Ethereum, the second-largest cryptocurrency by market cap rose by more than $400 on December 4th to record a new yearly high of above $1000 as its market cap breached the $100 billion mark in nearly three years as well. Bitcoin’s astonishing bull rally might have taken away all the limelight, however, ETH quitely managed to surpass bitcoin on year-to-date returns in 2020.
Ethereum has managed to climb by 10X since its March crash in 2020 with spot volumes on exchanges such as Binance crossing $3 billion in a single session shows the surging demand for the second-largest cryptocurrency. The upcoming launch of Ether Futures by CME is also a key reason behind people hodling ETH, as many belive once institutional influx starts through the futures market, the price of the token would skyrocket new all-time-highs.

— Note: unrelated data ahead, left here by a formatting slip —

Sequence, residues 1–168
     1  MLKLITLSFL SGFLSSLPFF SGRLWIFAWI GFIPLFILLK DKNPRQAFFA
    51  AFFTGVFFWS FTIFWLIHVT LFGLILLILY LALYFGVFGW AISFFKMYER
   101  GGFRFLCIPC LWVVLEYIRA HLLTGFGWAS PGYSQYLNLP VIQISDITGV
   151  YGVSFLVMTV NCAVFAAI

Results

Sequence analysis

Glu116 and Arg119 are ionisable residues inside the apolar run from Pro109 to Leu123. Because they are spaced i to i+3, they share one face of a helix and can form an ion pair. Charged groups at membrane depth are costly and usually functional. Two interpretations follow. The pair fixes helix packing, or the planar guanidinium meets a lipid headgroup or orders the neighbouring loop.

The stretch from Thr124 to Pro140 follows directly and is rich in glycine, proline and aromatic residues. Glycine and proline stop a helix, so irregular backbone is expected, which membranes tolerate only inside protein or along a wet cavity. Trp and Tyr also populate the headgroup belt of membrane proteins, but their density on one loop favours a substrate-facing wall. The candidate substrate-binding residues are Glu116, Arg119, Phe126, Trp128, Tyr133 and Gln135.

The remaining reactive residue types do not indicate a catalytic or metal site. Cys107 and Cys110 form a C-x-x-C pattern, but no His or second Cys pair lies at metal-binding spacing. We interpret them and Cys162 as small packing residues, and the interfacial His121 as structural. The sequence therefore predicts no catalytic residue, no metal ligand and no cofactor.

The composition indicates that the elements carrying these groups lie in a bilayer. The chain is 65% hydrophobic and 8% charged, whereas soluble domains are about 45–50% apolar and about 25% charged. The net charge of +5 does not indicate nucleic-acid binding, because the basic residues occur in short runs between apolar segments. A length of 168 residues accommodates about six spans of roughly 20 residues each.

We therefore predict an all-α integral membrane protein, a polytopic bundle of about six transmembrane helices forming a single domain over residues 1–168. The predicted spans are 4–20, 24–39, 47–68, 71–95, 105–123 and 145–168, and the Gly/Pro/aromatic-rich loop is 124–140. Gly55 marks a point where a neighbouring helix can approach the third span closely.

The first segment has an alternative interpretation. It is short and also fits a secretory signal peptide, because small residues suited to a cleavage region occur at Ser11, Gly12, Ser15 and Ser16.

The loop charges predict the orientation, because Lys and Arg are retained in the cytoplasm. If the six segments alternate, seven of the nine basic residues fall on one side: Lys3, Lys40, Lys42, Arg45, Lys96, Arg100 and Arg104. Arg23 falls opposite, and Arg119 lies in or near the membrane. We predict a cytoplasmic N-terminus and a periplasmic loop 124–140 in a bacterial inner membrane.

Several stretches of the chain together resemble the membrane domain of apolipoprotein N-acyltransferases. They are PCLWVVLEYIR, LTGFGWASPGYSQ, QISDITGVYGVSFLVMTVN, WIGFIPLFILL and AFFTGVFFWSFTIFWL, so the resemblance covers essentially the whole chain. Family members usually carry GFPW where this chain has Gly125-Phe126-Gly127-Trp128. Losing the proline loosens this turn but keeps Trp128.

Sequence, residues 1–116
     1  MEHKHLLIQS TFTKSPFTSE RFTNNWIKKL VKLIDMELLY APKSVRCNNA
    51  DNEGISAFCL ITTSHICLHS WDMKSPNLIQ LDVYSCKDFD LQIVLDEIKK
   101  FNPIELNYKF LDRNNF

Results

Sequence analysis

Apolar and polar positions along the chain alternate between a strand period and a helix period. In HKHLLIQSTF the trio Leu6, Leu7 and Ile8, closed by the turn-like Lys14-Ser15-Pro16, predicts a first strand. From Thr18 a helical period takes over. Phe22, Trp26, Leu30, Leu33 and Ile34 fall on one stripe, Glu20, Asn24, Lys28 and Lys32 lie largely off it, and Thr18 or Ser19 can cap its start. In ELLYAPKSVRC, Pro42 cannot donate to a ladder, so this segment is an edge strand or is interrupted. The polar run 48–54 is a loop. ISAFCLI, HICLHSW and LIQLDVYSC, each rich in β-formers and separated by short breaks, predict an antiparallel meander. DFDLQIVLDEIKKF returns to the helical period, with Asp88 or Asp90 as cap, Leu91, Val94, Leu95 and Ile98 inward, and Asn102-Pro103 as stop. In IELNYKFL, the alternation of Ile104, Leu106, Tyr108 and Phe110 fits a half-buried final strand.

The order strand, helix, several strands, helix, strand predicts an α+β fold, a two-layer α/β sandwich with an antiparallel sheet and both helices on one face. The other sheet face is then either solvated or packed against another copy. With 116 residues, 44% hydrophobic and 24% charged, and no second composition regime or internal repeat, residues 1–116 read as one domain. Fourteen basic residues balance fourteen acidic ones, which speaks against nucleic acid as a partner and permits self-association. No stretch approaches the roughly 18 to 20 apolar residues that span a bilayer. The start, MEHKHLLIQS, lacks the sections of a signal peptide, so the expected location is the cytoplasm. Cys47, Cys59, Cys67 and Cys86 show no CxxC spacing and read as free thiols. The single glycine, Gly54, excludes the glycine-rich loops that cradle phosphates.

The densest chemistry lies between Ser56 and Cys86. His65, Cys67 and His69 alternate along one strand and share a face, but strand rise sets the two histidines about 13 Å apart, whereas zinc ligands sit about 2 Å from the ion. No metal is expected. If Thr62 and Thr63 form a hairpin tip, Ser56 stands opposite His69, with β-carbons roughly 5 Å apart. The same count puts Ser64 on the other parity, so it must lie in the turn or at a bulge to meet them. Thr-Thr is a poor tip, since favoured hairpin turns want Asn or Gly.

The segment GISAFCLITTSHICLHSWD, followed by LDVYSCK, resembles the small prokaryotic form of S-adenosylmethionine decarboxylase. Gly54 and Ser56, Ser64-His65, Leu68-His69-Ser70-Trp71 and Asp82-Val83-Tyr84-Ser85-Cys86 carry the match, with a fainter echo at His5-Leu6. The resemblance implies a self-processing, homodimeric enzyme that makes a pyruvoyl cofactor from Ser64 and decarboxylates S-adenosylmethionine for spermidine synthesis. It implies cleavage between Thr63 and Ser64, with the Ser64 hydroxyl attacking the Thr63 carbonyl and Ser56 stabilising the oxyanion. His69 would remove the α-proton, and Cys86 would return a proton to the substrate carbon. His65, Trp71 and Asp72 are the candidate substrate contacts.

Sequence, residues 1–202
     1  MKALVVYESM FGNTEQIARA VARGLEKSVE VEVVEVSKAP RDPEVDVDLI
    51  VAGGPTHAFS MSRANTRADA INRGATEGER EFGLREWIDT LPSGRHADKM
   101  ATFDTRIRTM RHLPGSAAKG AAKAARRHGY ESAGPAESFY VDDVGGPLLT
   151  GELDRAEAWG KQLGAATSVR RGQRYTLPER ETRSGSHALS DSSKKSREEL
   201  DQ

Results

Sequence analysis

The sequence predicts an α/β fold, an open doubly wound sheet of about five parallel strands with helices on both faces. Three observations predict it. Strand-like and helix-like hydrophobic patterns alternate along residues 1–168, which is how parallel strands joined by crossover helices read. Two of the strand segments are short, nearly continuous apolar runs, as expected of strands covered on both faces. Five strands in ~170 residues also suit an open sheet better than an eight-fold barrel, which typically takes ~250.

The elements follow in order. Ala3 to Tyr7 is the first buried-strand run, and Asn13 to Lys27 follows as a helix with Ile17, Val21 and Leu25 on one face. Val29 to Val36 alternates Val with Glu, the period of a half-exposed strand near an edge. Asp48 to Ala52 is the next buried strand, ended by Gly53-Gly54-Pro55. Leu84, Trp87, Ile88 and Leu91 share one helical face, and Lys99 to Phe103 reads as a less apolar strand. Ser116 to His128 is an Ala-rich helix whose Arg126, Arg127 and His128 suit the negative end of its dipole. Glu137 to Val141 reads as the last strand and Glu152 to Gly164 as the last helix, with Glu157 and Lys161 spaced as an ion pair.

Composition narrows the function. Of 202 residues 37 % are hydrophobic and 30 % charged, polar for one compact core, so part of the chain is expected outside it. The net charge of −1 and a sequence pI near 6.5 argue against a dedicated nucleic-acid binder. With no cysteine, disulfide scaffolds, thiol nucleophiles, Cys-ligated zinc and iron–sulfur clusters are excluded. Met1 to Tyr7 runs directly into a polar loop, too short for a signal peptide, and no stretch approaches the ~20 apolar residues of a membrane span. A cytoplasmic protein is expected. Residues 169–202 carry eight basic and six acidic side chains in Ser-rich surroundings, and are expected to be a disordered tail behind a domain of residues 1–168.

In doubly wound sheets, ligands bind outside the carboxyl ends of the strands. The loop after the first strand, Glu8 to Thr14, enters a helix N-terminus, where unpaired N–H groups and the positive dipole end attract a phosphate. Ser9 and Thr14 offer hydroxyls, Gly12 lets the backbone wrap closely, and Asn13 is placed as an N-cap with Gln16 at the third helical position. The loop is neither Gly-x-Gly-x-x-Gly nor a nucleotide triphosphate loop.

As Ethereum started to surge, so did many other platforms and tokens built on top of its especially defi.
— Mati Greenspan (tweets ≠ financial advice) (@MatiGreenspan) January 4, 2021
Gas Fee Spike Makes Uniswap Nearly Unusable
As the price of ETH surged late Sunday, the gas fee for processing transactions spiked too, costing an average of $155 to process a transaction. This also led to a great blockage on Uniswap, a popular DEX platform used for swapping tokens primarily in the defi ecosystem
Trying to use Uniswap right now pic.twitter.com/7QP1wTbxl1
— Joseph Young (@iamjosephyoung) January 4, 2021
Insane Gas Fee on the Ethereum network has led to several congestions on the network in the past year, a key aspect that has troubled co-founder Vitalik Buterin as well. The c0-founder has promised that the new PoS based ETH2.0 would resolve all these issues as it would make use of sharding to allow for parallel processing thus scaling the network on par with centralized processing giants such as VISA.
The first phase of ETH 2.0 was launched on December 1st marking the start of a multi-year roll-out and expected to take approximately 2 years. However, as ETH nears a new all-time-high, the growing gas fee can come back to haunt the network and make it extremely difficult to use.